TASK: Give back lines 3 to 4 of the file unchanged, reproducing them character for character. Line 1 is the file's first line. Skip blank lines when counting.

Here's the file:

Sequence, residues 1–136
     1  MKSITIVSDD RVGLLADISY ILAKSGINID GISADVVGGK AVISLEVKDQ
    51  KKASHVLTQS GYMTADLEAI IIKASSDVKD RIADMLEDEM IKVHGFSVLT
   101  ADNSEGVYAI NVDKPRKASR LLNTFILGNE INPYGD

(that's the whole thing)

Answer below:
    51  KKASHVLTQS GYMTADLEAI IIKASSDVKD RIADMLEDEM IKVHGFSVLT
   101  ADNSEGVYAI NVDKPRKASR LLNTFILGNE INPYGD